Magazine industry glass ceiling is cracking / by Yessenia Funes

While women such as Anna Wintour and Grace Coddington have led fashion magazines, women like Nancy Gibbs are leading more political, business magazines. She became Time magazine's first female managing editor Sept. 17. Vogue holds elegance and history, but it is not important to society as a whole. Fashion lovers enjoy them. It keeps them in the loop, but I rather learn about the world and what's happening that I can't see at home. Besides, I don't need anyone telling me what I should wear. I wear what I want — and I rock my clothes damn good.

Anyway, Time magazine covers current, worldly topics, ranging from new technologies like the new Apple softwareto Syria. Even iOS7 matters more than Fashion Week.

But reaching the top of Time magazine took dedication and hard work -- nearly three decades worth of hard work. The New York Times says she began her Time career as a fact-checker 28 years ago. The industry finally is taking women more seriously and placing them in more managerial positions.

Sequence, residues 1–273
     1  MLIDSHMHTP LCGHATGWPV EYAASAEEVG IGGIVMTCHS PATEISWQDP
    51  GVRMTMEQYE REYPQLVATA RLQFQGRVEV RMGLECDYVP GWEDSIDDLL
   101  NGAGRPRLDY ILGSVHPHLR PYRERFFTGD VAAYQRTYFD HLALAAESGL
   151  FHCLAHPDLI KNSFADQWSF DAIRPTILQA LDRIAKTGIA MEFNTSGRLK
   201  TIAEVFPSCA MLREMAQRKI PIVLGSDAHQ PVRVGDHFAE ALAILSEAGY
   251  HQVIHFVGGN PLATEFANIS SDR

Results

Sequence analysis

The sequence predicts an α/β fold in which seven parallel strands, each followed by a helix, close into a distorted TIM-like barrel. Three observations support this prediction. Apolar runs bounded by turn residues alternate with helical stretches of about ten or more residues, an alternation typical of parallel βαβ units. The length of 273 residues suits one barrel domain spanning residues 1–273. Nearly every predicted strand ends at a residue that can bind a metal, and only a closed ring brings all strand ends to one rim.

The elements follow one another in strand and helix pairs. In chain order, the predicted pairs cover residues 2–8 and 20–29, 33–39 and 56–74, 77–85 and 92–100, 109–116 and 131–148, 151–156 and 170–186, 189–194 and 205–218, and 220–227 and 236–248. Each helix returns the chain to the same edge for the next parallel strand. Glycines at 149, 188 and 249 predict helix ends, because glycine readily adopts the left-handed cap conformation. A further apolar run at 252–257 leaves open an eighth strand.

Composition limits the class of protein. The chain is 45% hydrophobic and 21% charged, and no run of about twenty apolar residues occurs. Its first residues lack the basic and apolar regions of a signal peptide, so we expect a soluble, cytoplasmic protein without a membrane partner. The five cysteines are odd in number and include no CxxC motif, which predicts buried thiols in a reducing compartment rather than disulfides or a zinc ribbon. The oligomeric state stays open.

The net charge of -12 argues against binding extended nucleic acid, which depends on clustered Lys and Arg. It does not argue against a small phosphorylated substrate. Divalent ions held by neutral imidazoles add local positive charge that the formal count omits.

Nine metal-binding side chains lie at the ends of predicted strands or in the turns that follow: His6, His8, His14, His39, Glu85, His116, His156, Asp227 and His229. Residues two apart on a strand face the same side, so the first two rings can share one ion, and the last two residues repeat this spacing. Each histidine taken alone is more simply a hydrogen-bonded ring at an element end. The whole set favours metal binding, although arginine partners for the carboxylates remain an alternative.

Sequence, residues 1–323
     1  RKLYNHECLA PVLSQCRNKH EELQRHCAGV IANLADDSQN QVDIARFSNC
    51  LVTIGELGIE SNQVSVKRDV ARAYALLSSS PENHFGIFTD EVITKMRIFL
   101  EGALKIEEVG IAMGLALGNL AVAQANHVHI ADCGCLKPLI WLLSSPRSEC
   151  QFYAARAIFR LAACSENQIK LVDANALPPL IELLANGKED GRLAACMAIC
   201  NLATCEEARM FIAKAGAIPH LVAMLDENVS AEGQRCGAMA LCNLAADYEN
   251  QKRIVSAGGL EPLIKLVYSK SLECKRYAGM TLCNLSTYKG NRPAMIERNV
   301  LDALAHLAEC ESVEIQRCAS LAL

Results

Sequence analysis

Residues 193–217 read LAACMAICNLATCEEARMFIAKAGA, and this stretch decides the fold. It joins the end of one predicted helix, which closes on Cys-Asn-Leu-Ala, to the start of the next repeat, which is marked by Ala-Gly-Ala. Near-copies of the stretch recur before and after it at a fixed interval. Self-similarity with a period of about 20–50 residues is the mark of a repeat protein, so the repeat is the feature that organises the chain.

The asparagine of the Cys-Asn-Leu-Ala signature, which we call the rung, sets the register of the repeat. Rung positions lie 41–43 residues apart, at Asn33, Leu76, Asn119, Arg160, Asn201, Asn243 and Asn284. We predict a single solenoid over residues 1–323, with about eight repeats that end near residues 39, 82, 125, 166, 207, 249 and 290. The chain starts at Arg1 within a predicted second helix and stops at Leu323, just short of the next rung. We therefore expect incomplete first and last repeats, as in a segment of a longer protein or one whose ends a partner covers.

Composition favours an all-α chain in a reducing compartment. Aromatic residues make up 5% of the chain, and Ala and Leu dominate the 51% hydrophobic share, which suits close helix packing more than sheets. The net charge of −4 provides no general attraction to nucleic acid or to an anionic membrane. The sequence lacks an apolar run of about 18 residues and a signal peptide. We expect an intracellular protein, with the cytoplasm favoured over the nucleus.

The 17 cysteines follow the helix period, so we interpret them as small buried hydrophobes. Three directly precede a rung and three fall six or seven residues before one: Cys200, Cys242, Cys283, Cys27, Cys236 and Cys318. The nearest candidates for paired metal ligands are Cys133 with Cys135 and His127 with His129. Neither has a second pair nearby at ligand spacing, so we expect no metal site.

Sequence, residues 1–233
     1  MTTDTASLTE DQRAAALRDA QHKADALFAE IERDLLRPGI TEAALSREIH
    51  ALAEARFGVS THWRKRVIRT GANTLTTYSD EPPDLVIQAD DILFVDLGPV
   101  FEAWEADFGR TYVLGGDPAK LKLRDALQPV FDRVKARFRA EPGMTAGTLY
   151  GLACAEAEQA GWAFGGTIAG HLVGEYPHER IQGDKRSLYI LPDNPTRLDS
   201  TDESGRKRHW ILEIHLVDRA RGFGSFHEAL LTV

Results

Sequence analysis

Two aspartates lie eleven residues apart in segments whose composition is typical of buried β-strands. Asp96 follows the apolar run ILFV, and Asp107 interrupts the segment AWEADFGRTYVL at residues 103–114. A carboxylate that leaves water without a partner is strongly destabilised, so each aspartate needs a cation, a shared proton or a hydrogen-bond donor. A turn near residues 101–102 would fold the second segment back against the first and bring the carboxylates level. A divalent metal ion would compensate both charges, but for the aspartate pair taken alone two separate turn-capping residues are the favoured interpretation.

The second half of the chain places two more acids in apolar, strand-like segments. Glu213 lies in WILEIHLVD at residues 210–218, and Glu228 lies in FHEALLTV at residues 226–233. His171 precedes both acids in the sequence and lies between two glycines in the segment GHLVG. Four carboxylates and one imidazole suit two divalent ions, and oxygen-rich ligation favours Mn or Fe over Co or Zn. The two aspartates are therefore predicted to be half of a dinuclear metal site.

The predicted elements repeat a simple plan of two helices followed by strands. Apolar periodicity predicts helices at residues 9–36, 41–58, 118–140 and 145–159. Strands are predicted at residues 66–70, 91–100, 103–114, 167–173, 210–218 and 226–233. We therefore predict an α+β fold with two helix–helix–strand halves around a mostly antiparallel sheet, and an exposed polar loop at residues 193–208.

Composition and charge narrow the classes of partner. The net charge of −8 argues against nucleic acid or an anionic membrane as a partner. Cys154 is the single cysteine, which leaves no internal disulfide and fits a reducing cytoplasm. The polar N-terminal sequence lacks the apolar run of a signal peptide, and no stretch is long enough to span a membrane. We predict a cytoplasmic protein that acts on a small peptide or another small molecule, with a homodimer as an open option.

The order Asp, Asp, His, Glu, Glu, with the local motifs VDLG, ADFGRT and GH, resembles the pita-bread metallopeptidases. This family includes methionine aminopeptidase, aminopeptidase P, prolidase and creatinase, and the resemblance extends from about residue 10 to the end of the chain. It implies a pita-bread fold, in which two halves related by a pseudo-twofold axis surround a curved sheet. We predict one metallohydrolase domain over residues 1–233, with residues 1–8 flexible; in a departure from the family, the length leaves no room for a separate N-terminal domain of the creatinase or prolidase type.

As the Times article states:

"Ms. Gibbs added that she had been surprised at how many young women at Time said they were excited about her promotion, even at a time when breaking “this glass ceiling has become so commonplace.”

In January, Time Inc. named Martha Nelson editor in chief of its magazine division, the first woman to hold that job.

Ms. Gibbs said that these moves seemed to have resonated with employees. “This is a historic institution and there is something that excites people about seeing a woman run it for the first time,” she said.

Reporting is rewarding, and nothing beats getting down and dirty, but women need something to look forward to, too. Nelson reinforces the magazine industry's change in perspective toward women executives. However, women's struggle throughout the magazine industry isn't over. Male bylines continue to dominate female bylines. Sure, a majority of bylines belong to on-ground reporters or contributors, but they become editors one day (eventually, hopefully).

VIDA, an association dedicated to women in literary arts, released its 2012 survey of print publications' female representation titled "The Count." Unfortunately, women continue to lag behind men overall — bylines especially. Men dominated Harper's Magazine 76 to 17 bylines. The New Republic also was patriarchal with 230 male bylines and 52 female.

Gibbs promotion does inspire me that women acceptance is growing. I only wonder how much longer will the inequalities exist. Either way, I won't let society's chains link me to the ground. I'm shooting for the stars.